We heard about it first in Ambleside. We were in lodgings half-way up the hill that leads to the serene, forsaken Church of St. Anne. It was there that Faber, fresh from Oxford, had been curate, silently thinking the thoughts that were to send him into the Roman communion, and his young ghost, with the bowed head and the troubled eyes, was one of the friends we had made in the few rainy days of our sojourn. Another was Jock, a magnificent old collie, who accepted homage as his royal due, and would press his great head against the knee of the alien with confident expectation of a caress, lifting in recognition a long, comprehending look of amber eyes. Another friend—though our relations were sometimes strained—was Toby, a piebald pony of piquant disposition. He allowed us to sit in his pony-cart at picturesque spots and read the Lake Poets to him, and to tug him up the hills by his bridle, which he had expert ways of rubbing off, to the joy of passing coach-loads, when our attention was diverted to the landscape. Another was our kindly landlady. She came in with hot tea that Saturday afternoon to cheer up the adventurous member of the party, who had just returned half drowned from a long drive on coachtop for the sake of scenery absolutely blotted out by the downpour. There the “trippers” had sat for hours, huddled under trickling umbrellas, while the conscientious coachman put them off every now and then to clamber down wet banks and gaze at waterfalls, or halted for the due five minutes at a point where nothing was perceptible but the grey slant of the rain to assure them—and the spattered red guidebook confirmed his statement—that this was “the finest view in Westmoreland.” So when our landlady began to tell us of the ancient ceremony which the village was to observe that afternoon, the bedrenched one, hugging the bright dot of a fire, grimly implied that the customs and traditions of this sieve-skied island—in five weeks we had had only two rainless days—were nothing to her; but the tea, that moral beverage which enables the English to bear with their climate, wrought its usual reformation. Read more »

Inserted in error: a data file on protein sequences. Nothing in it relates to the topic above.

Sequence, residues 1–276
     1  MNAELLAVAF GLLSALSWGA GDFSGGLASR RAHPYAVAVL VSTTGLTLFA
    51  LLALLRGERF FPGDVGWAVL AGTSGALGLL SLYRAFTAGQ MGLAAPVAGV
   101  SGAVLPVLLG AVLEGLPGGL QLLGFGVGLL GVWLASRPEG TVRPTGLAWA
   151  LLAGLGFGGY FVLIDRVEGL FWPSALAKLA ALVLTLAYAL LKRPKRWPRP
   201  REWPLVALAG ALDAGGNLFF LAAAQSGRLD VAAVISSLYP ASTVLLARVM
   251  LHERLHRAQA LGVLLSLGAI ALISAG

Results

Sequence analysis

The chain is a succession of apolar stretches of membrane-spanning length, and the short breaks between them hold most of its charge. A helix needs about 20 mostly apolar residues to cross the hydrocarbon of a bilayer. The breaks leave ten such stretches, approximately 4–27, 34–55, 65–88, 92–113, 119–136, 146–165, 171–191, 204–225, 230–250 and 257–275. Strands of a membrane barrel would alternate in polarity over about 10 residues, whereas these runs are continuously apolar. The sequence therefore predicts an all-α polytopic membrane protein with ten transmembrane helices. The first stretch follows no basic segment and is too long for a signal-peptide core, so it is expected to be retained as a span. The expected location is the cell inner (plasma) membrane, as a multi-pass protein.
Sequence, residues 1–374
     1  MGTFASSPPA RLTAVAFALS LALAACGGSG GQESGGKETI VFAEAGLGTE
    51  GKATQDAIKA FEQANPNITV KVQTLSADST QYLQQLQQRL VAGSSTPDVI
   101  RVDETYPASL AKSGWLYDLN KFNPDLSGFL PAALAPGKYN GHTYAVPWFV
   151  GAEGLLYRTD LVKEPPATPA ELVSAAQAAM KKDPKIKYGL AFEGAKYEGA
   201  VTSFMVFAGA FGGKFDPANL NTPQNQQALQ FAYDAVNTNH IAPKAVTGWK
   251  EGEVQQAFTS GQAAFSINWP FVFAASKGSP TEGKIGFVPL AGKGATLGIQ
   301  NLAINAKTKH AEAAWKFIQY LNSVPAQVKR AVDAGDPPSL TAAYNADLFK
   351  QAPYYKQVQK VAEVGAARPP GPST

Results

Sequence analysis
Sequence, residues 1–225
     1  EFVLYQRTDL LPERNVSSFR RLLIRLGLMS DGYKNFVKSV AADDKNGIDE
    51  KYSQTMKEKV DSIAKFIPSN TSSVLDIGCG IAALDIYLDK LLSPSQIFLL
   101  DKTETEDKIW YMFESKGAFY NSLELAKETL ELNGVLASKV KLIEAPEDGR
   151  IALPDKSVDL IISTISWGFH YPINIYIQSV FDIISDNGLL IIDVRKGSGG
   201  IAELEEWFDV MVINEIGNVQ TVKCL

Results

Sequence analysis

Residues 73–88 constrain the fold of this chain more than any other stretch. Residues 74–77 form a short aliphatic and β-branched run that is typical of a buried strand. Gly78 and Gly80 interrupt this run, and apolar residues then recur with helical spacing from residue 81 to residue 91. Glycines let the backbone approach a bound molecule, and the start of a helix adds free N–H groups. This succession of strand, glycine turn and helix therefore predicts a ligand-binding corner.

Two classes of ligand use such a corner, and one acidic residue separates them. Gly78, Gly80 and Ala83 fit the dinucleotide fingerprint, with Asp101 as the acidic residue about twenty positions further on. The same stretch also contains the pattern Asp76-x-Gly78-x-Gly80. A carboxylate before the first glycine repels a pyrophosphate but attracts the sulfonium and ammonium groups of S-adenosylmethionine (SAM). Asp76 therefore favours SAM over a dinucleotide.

Category Archives: Cumberland
The Fisher Family who had lived at Croglin Low Hall (once known as Croglin Grange) for many centuries. moved from the property into larger dwellings and put the property up to let. The following spring the grange was finally let to the Cranswells, 2 brothers and a sister, who soon integrated into the villiage,.
One summer evening as the sun set and the shadow of darkness began to take hold Miss Cranswell paused to look out of the window in the direction of the darkened churchyard at the bottom of their long lawn.
It seemed that in the shadows she could see two points of light moving above the gravestones coming closer to the wall that separated the churchyard from the Hall’s grounds.
With a deep feeling of unease, Miss Cranswell shut the window tight bolted the door and laid down in her bed to try and get some sleep.
Suddenly she was jolted awake by a low rustling from outside the window. She twisted in bed and sat bolt upright, outside the window burning like coals in the night were two points of light, which she now recognised as the demon eyes of some humanoid creature.